Participants attending Pax Christi's 70th anniversary Assembly in Bethlehem had another outing this evening - a truly golden evening in the sunshine - down to Manger Square and the Church of St Catherine for Pax Christi International's 2015 Peace Award ceremony. The church is adjacent to the Church of the Nativity, which marks the site of the birth of Jesus and which is currently undergoing major repairs. It is St Catherine's that hosts the Christmas Eve Mass that is beamed around the world.
The award was presented this year to the Women, Peace and Security Collective for Reflection and Action (Colectivo de Pensamiento y Acción Mujeres, Paz y Seguridad) in Colombia for encouraging women to engage with peacebuilding in their country. The annual award honours contemporary individuals and organisations who make a stand for peace, justice and non-violence in different parts of the world.
Tonight it was given to representative Rosa Emilia Salamanca, who was visibly moved as the church bells rang out in celebration. She recalled the deaths of over 200,000 Colombians in violence over the past 50 years and six million people displaced from their homes. "We are fed up with war" said Rosa, "and we are determined to replace the mechanisms of war with mechanisms for making peace".
Founded in 2011, the women's network brings together women from different backgrounds (such as religious, ex-combatants, indigenous, afro-descendants, human rights defenders, union leaders) as well as organisations committed to building lasting peace in Colombia.
The flagship initiative is the 'Ethical Pact for a Country in Peace', which stresses the importance of an inclusive dialogue for peace where women's participation is actively encouraged. Pax Christi co-president Marie Dennis pointed out in her introduction that women are usually left out of peace planning. Only 2.5% of the signatories of peace agreements between 1992 and 2008 around the world were women.
"Well earned" I thought, as I joined Rosa's standing ovation, but looking around our group I felt that awards could be going to so many in the pews. What about Ferdinand Djayerombe Vaweka from Development and Peace in Canada. Ferdinand hails from conflict-ridden Ituri Province in North East DR Congo, but his human rights work on conflict minerals and militia violence, child soldiers and rape as a weapon of war turned him into a target until he eventually fled to Canada as a refugee. He now continues to campaign on all these issues in partnership with Pax Christi International.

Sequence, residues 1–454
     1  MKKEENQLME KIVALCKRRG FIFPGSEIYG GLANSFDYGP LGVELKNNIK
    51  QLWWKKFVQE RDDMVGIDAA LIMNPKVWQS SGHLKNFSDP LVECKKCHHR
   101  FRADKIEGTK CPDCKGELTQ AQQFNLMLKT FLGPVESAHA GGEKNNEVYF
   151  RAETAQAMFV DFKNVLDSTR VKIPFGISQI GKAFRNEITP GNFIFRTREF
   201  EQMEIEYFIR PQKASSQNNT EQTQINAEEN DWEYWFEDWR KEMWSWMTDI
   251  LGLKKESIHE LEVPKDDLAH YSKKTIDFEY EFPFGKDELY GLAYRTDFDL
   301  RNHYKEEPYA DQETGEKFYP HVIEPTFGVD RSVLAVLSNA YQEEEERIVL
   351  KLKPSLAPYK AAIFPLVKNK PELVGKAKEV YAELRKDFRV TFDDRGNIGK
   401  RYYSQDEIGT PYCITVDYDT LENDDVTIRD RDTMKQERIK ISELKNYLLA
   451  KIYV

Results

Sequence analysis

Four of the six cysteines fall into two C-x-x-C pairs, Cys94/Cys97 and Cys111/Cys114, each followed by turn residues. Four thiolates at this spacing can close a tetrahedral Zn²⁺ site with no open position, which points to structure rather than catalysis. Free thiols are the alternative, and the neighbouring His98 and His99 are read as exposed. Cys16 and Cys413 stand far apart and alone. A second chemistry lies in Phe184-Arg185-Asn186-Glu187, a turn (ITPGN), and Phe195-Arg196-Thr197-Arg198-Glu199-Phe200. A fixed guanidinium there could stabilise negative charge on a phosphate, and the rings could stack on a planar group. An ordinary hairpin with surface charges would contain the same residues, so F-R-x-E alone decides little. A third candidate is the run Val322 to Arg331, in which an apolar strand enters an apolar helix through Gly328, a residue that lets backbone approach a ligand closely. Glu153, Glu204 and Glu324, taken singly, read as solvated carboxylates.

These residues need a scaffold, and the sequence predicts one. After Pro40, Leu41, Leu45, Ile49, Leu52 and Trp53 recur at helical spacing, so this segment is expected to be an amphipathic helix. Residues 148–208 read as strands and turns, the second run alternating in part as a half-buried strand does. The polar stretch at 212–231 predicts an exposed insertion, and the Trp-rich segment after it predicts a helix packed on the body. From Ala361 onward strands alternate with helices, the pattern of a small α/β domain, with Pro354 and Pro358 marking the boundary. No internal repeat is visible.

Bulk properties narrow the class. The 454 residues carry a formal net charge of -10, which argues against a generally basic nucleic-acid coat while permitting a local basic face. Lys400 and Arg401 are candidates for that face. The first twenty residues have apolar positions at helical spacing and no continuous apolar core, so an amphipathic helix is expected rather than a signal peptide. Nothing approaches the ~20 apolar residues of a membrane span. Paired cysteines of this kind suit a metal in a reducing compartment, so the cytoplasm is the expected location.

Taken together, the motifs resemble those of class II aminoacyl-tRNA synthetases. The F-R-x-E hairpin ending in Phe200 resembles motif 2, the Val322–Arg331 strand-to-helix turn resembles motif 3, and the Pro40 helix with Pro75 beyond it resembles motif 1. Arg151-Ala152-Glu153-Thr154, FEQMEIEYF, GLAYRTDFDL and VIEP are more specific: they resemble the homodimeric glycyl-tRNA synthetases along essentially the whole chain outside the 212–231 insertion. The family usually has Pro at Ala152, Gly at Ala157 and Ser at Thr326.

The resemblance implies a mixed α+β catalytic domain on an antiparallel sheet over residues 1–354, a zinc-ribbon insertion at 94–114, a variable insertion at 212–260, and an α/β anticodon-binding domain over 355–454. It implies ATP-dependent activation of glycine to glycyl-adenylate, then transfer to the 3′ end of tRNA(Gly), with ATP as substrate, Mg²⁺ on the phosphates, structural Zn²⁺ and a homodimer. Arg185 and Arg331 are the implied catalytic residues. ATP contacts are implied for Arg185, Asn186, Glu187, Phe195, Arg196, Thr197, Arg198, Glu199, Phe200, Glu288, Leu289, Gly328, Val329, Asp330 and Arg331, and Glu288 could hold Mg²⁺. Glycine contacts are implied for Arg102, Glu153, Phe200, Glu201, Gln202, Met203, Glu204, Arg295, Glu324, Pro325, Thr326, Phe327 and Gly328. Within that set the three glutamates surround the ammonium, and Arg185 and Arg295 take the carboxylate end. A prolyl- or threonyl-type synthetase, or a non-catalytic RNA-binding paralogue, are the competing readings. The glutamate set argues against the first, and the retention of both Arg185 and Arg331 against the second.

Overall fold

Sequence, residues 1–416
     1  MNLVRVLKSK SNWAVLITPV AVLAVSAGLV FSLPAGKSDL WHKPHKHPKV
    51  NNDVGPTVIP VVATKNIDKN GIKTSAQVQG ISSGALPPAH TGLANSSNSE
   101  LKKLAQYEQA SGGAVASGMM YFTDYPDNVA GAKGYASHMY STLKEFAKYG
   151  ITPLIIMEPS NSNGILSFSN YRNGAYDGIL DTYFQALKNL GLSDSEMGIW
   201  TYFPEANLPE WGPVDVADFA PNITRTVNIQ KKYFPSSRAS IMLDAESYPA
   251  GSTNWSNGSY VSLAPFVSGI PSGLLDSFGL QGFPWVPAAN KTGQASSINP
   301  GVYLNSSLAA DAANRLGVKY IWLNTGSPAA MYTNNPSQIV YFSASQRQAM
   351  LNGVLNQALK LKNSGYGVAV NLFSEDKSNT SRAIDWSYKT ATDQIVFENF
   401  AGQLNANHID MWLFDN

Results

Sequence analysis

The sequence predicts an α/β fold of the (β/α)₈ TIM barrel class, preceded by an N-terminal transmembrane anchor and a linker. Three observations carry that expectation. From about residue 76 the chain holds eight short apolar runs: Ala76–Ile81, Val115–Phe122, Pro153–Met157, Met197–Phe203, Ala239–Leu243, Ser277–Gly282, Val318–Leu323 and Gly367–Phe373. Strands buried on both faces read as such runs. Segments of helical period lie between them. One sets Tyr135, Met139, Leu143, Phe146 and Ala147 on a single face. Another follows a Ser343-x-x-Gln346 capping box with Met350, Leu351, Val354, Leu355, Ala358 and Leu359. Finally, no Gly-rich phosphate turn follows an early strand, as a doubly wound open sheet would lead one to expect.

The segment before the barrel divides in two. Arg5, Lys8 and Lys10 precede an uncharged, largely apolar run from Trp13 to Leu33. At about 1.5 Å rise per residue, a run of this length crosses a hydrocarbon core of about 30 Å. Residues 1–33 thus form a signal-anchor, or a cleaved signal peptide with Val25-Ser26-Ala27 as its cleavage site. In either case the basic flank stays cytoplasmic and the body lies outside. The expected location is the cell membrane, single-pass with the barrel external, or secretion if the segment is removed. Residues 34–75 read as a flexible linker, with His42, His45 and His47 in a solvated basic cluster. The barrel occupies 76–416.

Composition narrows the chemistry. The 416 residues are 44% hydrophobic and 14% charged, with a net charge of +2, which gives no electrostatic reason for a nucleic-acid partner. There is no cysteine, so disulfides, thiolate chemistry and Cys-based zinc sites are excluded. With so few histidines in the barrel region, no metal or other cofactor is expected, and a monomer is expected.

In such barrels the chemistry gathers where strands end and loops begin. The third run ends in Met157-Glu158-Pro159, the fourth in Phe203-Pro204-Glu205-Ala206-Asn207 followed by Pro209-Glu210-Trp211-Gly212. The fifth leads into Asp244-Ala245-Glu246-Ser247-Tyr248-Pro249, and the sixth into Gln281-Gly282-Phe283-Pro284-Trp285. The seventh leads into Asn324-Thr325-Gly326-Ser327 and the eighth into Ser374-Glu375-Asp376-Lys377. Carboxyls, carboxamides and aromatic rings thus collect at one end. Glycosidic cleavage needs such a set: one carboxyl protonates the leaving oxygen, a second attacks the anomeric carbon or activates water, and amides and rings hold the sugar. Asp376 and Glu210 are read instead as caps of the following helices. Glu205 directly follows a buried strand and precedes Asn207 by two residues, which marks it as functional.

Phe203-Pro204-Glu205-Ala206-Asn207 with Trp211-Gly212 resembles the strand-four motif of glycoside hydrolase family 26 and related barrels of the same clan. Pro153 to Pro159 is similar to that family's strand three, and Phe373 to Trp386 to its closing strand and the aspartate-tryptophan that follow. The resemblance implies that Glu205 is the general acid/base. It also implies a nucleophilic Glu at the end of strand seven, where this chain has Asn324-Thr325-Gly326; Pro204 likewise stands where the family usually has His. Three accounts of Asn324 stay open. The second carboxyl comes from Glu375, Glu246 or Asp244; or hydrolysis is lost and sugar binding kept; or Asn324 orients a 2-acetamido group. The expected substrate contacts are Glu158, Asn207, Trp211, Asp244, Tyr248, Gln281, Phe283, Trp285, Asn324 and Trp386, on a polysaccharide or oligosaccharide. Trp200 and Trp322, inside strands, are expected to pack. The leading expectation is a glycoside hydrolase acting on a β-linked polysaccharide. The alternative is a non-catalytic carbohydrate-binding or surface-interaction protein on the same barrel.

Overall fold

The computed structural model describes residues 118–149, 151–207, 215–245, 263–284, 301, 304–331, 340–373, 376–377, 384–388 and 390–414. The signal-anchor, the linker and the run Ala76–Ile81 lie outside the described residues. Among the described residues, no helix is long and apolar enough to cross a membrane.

Fr Eugene Squeo, from the US state of New Jersey, is on the state council of Pax Christi. He visits and campaigns for justice for immigrants and for vulnerable people in jails, particularly tackling the use of solitary confinement in prisons. He played his part in the ending of the death penalty in New Jersey.
There are more than 200 Pax Christi groups in the US and members range from Judith Kelly in Virginia tackling fracking, to Anne Marie Richter from Florida who has worked in Afghanistan for 30 years training midwives, to Scott Wright in Washington who has lengthy experience of working with victims of torture and war in Central America.
What a congregation to be seated with! We all enjoyed the ceremony in the historic Bethlehem church, hearing music from the church choir and from a virtuoso player of the Qanoun, an instrument popular in Arab countries.
Afterwards, some of us visited the site of the birth of Jesus, under the altar of the Church of the Nativity. We had to bend low to get in the door which the crusaders deliberately kept small to bar horses riding in. I had my photo taken at the site with Romano Longole from Northern Uganda who works there for a peace organisation affiliated to Pax Christi, encouraging warring tribal groups to put aside violence, despite being in danger himself many times. This Assembly has been his first time at an international gathering and we were both moved to be at this sacred site for the first time.
Amongst our own UK group we have Pat Gaffney, who has devoted most of her life to justice work, peace education and advocacy, for 25 years as General Secretary of Pax Christi UK. Ann Farr, from Coventry, was a volunteer with the Ecumenical Accompaniment Programme in Palestine and Israel and has worked tirelessly to raise awareness of the oppression of the Palestinian people. She now sits on the central leadership of Pax Christi International and has been a core organiser of this Assembly. Chris Cole of Drone Wars UK is an expert on the growing use of armed drones in violence internationally and has spent time in prison for taking non-violent direct action to challenge the arms industry.
On the opening evening of this Assembly, the Secretary General of the United Nations, Ban Ki-moon, sent a message saying, "let us use the occasion of your noble anniversary to remind ourselves to keep pushing, together, for nonviolence and a weapons-free world". The Colombian women and the other 160 people here - inspired by the Gospels and Catholic Social Teaching - are doing just that, whether they get awards for their mission or not.
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